Is your body language telling customers to go away?
Through a special arrangement, presented here for discussion is a summary of a current article from The Retail Doctor’s blog.
Looking for how non-verbal communication impacts sales? Your body language sends wordless cues long before you try to close a sale.
Studies show that 55 percent of our language to communicate with another person is non-verbal. Slumped shoulders, crossed arms and averted eyes can all send bad vibrations long before words arrive.
The more we understand about what our bodies are saying — oftentimes without our knowledge — the more we can see how often they get in our way. And that is especially true when it is your body and you are selling to a shopper in a store.
Here are nine ways to improve your non-verbal skills:
Lift the sternum (that’s the flat bone at the front center of your chest). This allows more oxygen into the lungs. A good image to maintain is that of a string pulling your posture up from your sternum. This allows your shoulders to become more relaxed when engaging strangers.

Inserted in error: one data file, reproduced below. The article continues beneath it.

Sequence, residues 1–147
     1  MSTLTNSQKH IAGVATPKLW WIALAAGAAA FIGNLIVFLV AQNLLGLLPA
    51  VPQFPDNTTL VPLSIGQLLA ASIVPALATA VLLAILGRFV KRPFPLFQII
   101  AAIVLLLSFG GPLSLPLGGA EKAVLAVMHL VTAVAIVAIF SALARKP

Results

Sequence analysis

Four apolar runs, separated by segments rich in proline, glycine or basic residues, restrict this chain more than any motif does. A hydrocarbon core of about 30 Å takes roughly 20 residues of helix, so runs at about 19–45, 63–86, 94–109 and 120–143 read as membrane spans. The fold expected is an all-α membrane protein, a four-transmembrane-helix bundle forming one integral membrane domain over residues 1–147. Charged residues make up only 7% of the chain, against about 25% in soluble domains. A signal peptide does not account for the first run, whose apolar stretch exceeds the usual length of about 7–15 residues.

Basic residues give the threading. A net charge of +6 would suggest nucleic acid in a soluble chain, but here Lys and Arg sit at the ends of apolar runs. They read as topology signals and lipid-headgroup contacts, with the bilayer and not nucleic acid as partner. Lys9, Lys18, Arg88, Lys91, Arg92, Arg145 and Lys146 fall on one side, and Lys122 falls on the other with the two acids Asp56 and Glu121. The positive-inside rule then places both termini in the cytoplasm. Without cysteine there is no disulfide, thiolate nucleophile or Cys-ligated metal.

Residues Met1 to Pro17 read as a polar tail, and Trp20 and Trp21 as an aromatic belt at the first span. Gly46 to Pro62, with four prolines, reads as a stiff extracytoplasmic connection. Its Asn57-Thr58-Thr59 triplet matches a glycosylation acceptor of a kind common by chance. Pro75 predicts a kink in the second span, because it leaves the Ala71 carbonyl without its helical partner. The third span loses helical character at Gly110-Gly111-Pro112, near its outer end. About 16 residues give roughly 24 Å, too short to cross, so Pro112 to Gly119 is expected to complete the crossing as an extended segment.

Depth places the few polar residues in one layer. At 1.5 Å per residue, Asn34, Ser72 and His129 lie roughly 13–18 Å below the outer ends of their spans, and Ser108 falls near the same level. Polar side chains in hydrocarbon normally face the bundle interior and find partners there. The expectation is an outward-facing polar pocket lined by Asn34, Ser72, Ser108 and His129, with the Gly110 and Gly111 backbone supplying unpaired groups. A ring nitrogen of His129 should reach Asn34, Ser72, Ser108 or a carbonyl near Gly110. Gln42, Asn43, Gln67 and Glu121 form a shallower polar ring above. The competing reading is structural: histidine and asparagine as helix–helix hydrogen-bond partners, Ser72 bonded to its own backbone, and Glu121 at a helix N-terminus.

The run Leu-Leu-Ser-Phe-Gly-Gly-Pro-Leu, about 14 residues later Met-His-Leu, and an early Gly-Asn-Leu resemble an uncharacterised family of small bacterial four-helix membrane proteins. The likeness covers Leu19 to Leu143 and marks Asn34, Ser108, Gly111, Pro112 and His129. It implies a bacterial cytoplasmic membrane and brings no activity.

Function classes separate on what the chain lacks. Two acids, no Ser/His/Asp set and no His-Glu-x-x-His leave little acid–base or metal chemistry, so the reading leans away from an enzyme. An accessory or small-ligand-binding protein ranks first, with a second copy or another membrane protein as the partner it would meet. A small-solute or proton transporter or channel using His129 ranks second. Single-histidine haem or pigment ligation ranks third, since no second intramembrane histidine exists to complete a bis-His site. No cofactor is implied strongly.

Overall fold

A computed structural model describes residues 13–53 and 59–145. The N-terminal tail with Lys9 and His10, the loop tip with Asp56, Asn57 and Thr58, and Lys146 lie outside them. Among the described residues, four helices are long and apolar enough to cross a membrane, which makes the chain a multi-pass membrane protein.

Lean forward (but just a bit). Yes, it’s subtle, but it keeps you from leaning backward, which shows a negative attitude.
Smile. A smile is your best tool to get someone to like you, and when you don’t smile, it’s the quickest way to turn someone off.
Use your hands. Don’t overdo this but when you gesture with your hands in a natural way, you are creating energy.
Meet their eyes. We like people who look at us. Too much eye contact can feel threatening, but too little comes off as insincere. Yes, this is a balancing act to practice.
Gesture. Point directly at a feature and look at it with the shopper. They will follow your gesture, and so will their eyes as you describe the benefit. Use an open hand or two fingers together; it’s perceived as more open and friendly.
Nod. Nodding is another sign of being engaged and agreeing with someone.
Open your arms. Hold your arms open and loose to show a welcoming attitude. Arms folded over your chest indicate you are unsympathetic, authoritative and, at some level, closing yourself off from the other person.
Stand side-by-side, not face-to-face. When you present merchandise standing by your shopper’s side, it allows you to do a sideways lean, which is friendly and non-threatening.
- Retail Sales Training: Is Your Body Language Telling Customers To Go Away? 9 Ways To Improve Your Non-Verbal Skills – Retail Doctor
Is the importance of body language typically addressed in retail training and in-store practice? What tips would you have for associates around improving body language?